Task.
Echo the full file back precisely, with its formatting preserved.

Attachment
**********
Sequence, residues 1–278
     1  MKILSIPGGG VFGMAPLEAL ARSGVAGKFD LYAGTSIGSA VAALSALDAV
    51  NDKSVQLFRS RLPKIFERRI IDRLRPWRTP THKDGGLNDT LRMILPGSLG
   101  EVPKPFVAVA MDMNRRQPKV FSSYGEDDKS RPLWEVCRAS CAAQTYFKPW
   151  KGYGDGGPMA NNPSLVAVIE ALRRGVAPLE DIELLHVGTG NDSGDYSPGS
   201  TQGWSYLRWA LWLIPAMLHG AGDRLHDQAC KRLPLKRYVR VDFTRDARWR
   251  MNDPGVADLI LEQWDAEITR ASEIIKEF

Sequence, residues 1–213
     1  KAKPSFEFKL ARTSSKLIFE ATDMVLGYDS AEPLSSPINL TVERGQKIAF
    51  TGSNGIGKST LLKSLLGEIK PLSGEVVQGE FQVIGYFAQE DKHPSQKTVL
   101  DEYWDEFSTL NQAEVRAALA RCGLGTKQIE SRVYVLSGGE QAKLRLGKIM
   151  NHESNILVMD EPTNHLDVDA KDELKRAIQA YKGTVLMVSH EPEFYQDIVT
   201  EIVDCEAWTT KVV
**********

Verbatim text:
Sequence, residues 1–278
     1  MKILSIPGGG VFGMAPLEAL ARSGVAGKFD LYAGTSIGSA VAALSALDAV
    51  NDKSVQLFRS RLPKIFERRI IDRLRPWRTP THKDGGLNDT LRMILPGSLG
   101  EVPKPFVAVA MDMNRRQPKV FSSYGEDDKS RPLWEVCRAS CAAQTYFKPW
   151  KGYGDGGPMA NNPSLVAVIE ALRRGVAPLE DIELLHVGTG NDSGDYSPGS
   201  TQGWSYLRWA LWLIPAMLHG AGDRLHDQAC KRLPLKRYVR VDFTRDARWR
   251  MNDPGVADLI LEQWDAEITR ASEIIKEF

Sequence, residues 1–213
     1  KAKPSFEFKL ARTSSKLIFE ATDMVLGYDS AEPLSSPINL TVERGQKIAF
    51  TGSNGIGKST LLKSLLGEIK PLSGEVVQGE FQVIGYFAQE DKHPSQKTVL
   101  DEYWDEFSTL NQAEVRAALA RCGLGTKQIE SRVYVLSGGE QAKLRLGKIM
   151  NHESNILVMD EPTNHLDVDA KDELKRAIQA YKGTVLMVSH EPEFYQDIVT
   201  EIVDCEAWTT KVV